Underpinned by hydrocarbon exports, Qatar will post an impressive 20% real GDP growth this year, Samba Financial Group has said in an economic bulletin.
In 2012, however, Samba projects Qatar’s real GDP growth to slow down to about 6% with the non-hydrocarbon sector becoming the engine of growth.
For 2012 and beyond, Samba expects Qatar’s real GDP growth to hold at around 4-5% a year in line with National Development Strategy (NDS) and be supported by the massive $226bn planned investment programme including $95bn from the government.
“Hydrocarbons will continue to dominate and underpin national prosperity but, with the completion of the last of the major hydrocarbons projects in 2012, the emphasis of the NDS is on developing the non-hydrocarbons sector,” said the Economics Department of the Riyadh-based Samba Financial Group.
“Its seems clear that revenues from hydrocarbon exports will make Qatar a wealthy country, ensuring sustained fiscal and current account surpluses and a further build-up in external assets even under adverse oil and gas price assumptions,” Samba said in its recent economic bulletin.
“Managing such wealth, promoting economic diversification and completing large scale infrastructure investments in time for the 2022 World Cup will present challenges. But the NDS provides reassurance that policy makers are prepared, and will take steps to mitigate potential inflationary pressures and to avoid wasteful spending.”
Recent data confirm the continued increase in Qatar’s hydrocarbon output and point to improving conditions in the non-hydrocarbon sector which should receive a further boost from the expansionary budget announced for 2011/12.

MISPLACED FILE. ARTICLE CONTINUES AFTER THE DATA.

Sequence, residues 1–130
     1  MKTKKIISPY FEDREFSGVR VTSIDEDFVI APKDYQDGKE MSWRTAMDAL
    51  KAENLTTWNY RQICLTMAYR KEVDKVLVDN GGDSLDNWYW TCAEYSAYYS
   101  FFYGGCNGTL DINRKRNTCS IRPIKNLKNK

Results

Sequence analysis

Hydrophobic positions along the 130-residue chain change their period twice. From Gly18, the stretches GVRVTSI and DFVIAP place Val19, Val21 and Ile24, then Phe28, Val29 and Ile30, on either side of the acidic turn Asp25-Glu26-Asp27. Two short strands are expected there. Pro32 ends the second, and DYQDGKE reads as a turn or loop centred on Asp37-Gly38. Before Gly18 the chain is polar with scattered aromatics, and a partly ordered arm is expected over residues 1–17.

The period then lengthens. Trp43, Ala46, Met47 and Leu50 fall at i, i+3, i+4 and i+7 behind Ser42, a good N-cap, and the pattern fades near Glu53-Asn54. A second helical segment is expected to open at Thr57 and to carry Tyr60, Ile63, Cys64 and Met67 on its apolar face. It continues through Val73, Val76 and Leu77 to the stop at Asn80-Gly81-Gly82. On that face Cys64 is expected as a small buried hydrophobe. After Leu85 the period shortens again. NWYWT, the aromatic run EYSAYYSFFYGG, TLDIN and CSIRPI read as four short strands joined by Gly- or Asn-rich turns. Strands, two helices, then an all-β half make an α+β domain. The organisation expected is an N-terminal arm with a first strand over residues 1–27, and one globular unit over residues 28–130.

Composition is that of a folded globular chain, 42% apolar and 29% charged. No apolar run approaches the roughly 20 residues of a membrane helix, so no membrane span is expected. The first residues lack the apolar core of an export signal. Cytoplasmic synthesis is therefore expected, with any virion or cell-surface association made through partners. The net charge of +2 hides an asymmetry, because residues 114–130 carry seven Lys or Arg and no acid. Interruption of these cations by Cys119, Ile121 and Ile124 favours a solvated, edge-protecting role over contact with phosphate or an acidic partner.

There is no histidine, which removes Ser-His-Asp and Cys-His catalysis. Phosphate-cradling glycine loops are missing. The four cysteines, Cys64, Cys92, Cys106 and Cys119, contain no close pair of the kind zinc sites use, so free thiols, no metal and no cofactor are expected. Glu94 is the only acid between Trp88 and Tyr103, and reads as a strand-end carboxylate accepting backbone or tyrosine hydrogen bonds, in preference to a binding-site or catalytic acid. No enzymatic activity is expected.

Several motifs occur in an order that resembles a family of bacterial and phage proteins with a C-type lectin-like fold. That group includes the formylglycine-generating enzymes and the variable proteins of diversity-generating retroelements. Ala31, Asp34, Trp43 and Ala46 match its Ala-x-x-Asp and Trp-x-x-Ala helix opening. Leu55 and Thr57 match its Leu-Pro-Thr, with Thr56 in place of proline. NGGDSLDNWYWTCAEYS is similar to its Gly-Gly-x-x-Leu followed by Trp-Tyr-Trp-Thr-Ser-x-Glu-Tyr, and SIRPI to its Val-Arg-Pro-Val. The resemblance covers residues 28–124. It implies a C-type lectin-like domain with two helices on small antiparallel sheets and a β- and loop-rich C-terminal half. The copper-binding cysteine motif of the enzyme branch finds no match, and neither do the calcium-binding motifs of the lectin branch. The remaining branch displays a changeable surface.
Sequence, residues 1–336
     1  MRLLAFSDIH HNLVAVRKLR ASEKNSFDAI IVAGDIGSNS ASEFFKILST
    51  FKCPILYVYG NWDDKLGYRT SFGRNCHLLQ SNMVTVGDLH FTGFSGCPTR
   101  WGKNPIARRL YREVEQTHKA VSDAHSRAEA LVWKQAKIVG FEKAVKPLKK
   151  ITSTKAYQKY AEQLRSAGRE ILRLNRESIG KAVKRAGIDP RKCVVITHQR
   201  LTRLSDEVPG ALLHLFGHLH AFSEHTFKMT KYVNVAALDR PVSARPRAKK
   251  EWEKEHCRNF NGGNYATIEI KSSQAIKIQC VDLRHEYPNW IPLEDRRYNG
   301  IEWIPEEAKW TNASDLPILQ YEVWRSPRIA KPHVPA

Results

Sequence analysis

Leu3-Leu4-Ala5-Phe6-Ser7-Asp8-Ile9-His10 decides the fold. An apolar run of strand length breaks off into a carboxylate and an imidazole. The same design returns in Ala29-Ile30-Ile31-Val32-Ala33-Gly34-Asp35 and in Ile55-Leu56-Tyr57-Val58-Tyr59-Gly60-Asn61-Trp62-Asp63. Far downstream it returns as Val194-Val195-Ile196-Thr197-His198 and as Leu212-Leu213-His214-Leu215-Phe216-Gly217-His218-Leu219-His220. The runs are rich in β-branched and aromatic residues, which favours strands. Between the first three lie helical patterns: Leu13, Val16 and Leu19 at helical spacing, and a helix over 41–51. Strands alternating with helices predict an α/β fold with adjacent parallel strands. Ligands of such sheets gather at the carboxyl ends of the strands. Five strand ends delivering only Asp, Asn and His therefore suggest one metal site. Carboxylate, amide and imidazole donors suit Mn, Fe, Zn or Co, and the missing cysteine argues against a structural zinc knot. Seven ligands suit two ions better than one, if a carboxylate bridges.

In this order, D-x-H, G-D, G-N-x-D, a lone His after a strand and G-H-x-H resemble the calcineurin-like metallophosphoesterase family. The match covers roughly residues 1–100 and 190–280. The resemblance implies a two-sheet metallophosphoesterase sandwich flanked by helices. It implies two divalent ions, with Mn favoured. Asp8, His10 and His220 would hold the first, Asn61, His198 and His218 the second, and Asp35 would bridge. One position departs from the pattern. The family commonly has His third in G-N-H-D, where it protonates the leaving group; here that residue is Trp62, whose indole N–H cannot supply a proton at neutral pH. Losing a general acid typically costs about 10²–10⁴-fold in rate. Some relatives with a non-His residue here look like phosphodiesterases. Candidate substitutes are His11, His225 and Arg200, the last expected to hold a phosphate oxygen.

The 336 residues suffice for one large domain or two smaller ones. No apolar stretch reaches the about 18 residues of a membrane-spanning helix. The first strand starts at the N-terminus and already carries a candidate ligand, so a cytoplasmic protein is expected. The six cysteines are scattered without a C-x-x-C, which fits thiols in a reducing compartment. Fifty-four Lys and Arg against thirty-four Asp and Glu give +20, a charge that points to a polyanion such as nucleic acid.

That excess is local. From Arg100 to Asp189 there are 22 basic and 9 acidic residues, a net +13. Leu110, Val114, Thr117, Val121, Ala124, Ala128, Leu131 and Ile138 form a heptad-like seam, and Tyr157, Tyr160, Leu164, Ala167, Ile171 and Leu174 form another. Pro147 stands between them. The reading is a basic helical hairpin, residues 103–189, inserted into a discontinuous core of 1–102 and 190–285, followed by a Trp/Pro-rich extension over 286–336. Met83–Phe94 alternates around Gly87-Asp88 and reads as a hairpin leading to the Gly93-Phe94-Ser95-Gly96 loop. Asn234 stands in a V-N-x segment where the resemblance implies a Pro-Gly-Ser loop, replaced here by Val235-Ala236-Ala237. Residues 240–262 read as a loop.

The private credit growth is reviving, helped by recent interest rate cuts, and the stock market returned to positive territory in May. Inflation is on the rise, but remains muted overall (1.7% in March), due to sustained weakness in rents. That said, reports suggest that the real estate sector has begun to stabilise.
The NDS also confirms what Samba said it has already noted that once the 20-year hydrocarbon investment programme comes to an end (around 2012), real GDP growth rates will slow sharply from the high double digits of the last decade. However, at a projected 4-5% a year, post-2012 real GDP growth will remain solid, and in nominal terms the economy will remain highly prosperous with national income conservatively projected to reach $213bn by 2016 (IMF projects nominal GDP of $224bn by 2015) with an estimated per capita income of over $114,000.
A key factor in the medium-term projections is the recognition that the contribution from the hydrocarbon sector to growth will drop off dramatically as the 20 year gas based investment programme comes to an end and the last of the major projects come on stream in 2012, Samba said.
This then leaves the non-hydrocarbon sector as the driver of future real GDP growth.
In this respect, both the Qatari authorities and the IMF are projecting that expansion in non-hydrocarbons GDP will remain robust at around 9% a year through 2016. It is noteworthy that this is expected to be achieved in an environment of much slower population growth than in the past, with the NDS projecting that growth will slow to around 2% a year, bringing the population to just under 1.9mn by 2016.
This has important implications, as capacity in some areas (especially real estate) is already running ahead of demand, and future investments will need to be tempered to ensure they are able to generate a return.
Achieving the projected rates of growth in the non-hydrocarbon sector will depend heavily on the successful implementation of the NDS which aims for greater diversification of the economy. In the short-term, prospects for strong non-hydrocarbon growth are clearly favourable given already planned large-scale public infrastructure investments which will support the construction sector and have multiplier effects throughout the economy.
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